“Senate leaders have reversed course and decided to stage showdown votes later today on rival Democratic and Republican plans for extending broad tax cuts next year that will otherwise expire in January,” The Associated Press writes.
So, Democrats will get the chance to cast “yea” votes on their plan to extend the so-called Bush tax cuts only for those earning less than $250,000 a year. Republicans will get the chance to cast “yea” votes on their plan to extend the tax cuts for everyone.
Neither measure will first need to get the support of 60 senators just to come to a vote. Senate leaders have agreed to suspend that rule, the AP says.
But as The Hill points out, even if Democrats (who have a bare majority in the Senate, thanks to the support of two independents) pass their version, “it has little prospect of becoming law because revenue-raising measures must originate in the House and House Republicans will not pass a bill to end the Bush tax cuts for any income brackets.”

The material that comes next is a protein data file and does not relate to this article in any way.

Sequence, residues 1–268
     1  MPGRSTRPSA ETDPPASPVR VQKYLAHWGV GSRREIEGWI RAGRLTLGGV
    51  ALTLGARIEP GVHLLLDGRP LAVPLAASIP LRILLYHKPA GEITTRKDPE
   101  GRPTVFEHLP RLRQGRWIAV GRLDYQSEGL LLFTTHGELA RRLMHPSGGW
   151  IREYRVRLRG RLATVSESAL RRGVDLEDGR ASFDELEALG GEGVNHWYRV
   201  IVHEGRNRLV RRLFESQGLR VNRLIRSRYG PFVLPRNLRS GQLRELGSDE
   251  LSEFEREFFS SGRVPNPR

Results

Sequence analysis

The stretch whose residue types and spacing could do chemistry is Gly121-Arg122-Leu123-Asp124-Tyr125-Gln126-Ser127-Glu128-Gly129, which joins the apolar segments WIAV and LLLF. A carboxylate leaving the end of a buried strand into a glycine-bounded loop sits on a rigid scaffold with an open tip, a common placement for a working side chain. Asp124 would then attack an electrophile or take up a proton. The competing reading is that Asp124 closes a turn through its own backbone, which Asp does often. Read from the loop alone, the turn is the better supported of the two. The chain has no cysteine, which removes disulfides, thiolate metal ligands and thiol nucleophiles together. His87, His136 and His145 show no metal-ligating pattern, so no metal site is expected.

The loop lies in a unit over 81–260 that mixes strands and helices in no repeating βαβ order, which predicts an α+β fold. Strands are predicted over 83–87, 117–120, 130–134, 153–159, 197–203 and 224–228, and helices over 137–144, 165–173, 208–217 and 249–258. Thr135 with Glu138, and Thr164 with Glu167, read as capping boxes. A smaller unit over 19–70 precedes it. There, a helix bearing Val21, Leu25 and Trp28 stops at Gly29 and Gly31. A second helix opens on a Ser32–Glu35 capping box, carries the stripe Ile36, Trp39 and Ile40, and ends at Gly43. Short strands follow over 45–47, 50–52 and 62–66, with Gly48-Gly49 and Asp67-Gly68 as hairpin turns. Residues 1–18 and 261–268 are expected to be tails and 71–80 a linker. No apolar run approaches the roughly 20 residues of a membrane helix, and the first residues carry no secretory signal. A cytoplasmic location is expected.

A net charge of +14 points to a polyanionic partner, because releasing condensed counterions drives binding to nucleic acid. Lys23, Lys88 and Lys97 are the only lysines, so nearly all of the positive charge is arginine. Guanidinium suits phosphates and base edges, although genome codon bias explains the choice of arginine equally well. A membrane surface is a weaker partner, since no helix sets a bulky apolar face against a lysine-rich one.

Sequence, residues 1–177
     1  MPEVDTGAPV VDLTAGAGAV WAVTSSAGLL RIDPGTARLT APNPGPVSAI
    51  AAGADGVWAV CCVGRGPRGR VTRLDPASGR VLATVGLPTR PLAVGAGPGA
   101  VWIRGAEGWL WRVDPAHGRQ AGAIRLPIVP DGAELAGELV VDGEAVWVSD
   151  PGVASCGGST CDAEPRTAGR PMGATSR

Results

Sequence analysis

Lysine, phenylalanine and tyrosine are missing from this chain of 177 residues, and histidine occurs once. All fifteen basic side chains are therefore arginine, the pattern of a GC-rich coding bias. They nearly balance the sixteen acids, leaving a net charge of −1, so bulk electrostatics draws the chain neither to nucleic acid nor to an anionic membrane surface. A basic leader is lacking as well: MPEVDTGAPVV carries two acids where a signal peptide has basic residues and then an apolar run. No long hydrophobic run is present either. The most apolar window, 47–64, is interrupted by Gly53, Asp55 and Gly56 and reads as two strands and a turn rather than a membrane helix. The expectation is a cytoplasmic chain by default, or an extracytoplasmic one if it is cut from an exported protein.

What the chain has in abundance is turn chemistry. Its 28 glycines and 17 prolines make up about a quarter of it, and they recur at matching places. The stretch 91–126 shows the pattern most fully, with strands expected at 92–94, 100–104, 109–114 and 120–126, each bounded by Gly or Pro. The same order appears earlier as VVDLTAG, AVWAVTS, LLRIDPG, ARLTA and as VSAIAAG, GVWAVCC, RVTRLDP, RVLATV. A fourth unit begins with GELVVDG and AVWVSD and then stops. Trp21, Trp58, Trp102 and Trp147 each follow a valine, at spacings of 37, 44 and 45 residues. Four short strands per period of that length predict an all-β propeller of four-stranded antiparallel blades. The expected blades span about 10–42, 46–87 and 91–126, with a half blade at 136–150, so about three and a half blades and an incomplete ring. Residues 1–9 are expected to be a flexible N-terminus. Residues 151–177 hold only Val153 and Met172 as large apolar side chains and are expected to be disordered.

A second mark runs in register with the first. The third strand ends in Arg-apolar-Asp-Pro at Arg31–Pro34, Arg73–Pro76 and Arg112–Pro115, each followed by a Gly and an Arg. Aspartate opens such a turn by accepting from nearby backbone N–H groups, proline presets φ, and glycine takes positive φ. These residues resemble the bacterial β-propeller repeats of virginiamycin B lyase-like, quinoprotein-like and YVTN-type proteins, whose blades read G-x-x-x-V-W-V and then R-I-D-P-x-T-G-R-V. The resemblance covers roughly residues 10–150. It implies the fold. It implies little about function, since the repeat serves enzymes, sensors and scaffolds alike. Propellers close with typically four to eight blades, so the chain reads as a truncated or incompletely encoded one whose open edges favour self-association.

So they’ve set votes that likely won’t mean anything but will give each side the chance to say they voted “for” their plans. That underscores why Washington Post columnist Ezra Klein recently listed “14 reasons why this is the worst Congress ever.” He began with a graphic showing that unless this latest session has a sudden burst of bipartisan bohomie (which is unlikely), it will have passed fewer laws than any since 1947.